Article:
The Longest Day for the Long Gray Line

Categories: West Point Magazine, Grad News
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By Desrae Gibby ’91, WPAOG staff

Eighty years ago, on June 6, 1944, approximately 100 West Point graduates from the classes 1912 to 1943 June made history as heroes among heroes as the Long Gray Line led and fought on D-Day during World War II. Many names were immortalized; all should be.

Paratroopers from the 101st and 82nd Airborne divisions began to drop behind enemy lines around 12:30am local time. During the assault, the commander of the 502nd Parachute Infantry Regiment (PIR), a graduate from the Class of 1927, broke his leg. With a compound fracture he commanded from a wheelbarrow until a fellow West Pointer, Class of 1936, took command. In the 506th PIR, the Band of Brothers regiment, a 22-year-old from the Class of 1943 January was KIA, while in the 82nd a glider field artillery lieutenant from the Class of 1942 was mortally wounded. At 6:30am troops landed on the beaches under heavy fire. Shortly after, a DD amphibious tank battalion commander from the Class of 1928 led his tanks to land on Omaha Beach, after seeing 27 other tanks sink. Simultaneously, two engineer battalion commanders, one from the Class of 1929 and the other from the Class of 1939, led their soldiers to demolish obstacles, making gaps. Later, a young captain saw a “crazy man” amid heavy fire, waving his arms and screaming out for him to identify himself. Seeing the star, the captain saluted, “Captain Raaen, 5th Rangers, sir.” “Raaen… Jack Raaen’s son?” “Yes, sir!” “…Rangers. I know you won’t let me down.” John Raaen ’43JAN then heard 51-year-old Brigadier General Norman Cota, Class of 1917 April, continue to praise the Rangers and, later, learned that Cota was the first to say, “Rangers! Lead the way!”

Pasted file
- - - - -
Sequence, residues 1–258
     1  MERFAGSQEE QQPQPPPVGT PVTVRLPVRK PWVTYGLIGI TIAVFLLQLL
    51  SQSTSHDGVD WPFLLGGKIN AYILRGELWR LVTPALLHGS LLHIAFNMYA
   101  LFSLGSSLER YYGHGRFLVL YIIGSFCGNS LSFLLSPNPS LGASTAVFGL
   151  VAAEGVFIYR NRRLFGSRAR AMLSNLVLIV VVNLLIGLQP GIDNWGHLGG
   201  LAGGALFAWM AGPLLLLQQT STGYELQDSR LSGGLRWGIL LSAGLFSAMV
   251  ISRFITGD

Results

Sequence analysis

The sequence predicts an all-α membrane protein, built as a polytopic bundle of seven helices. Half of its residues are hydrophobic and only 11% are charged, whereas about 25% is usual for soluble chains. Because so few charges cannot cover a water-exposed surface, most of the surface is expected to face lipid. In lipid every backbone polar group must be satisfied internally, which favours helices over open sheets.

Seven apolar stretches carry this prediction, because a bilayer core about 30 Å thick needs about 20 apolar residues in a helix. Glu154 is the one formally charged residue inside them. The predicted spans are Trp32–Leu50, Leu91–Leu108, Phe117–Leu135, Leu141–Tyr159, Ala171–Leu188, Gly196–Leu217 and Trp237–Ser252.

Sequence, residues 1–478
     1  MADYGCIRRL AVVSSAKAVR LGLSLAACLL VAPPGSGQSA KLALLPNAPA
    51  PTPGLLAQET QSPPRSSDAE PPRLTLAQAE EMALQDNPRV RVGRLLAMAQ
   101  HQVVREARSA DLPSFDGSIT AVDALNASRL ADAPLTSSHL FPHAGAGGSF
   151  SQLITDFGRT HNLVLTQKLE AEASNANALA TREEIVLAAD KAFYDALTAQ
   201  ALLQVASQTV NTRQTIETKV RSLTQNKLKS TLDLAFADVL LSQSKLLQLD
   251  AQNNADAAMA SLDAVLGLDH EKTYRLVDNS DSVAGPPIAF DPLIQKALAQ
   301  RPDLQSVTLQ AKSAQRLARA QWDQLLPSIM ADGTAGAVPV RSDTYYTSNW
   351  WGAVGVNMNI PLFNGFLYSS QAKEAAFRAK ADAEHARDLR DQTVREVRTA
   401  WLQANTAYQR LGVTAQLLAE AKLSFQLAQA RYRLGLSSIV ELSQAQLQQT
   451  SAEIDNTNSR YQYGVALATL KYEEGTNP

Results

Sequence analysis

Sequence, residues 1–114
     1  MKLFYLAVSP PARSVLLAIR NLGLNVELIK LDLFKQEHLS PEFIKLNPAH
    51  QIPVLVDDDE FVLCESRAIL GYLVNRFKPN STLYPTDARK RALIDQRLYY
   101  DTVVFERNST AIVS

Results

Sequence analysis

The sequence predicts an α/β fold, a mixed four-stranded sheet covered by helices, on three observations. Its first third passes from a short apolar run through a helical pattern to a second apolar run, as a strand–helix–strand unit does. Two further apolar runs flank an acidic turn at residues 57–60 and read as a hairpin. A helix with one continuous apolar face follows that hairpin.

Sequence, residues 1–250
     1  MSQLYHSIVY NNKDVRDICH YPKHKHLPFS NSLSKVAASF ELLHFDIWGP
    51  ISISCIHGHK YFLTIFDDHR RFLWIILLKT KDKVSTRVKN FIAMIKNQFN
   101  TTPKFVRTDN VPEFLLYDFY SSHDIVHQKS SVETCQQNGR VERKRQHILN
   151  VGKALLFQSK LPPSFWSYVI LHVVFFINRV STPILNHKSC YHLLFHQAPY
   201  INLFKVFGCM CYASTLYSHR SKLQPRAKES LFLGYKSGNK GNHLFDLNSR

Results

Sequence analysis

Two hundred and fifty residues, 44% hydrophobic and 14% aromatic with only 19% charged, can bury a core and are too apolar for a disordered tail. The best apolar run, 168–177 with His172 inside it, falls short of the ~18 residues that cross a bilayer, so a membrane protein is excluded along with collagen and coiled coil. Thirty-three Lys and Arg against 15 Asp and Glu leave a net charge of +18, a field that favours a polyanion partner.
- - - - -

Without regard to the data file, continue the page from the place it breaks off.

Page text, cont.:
Dwight D. Eisenhower, Class of 1915, encourages soldiers of the 502nd Parachute Infantry Regiment

West Pointers fought side by side throughout that “longest day.” They all deserve to be honored. Click here to read about unsung heroes like then Major Sidney Bingham ’40, a battalion commander in the 116th Infantry Regiment and Distinguished Service Cross recipient who gathered the handful of soldiers left in his command and, under intense enemy fire, personally led them up a cliff to seek out an enemy machine gun.

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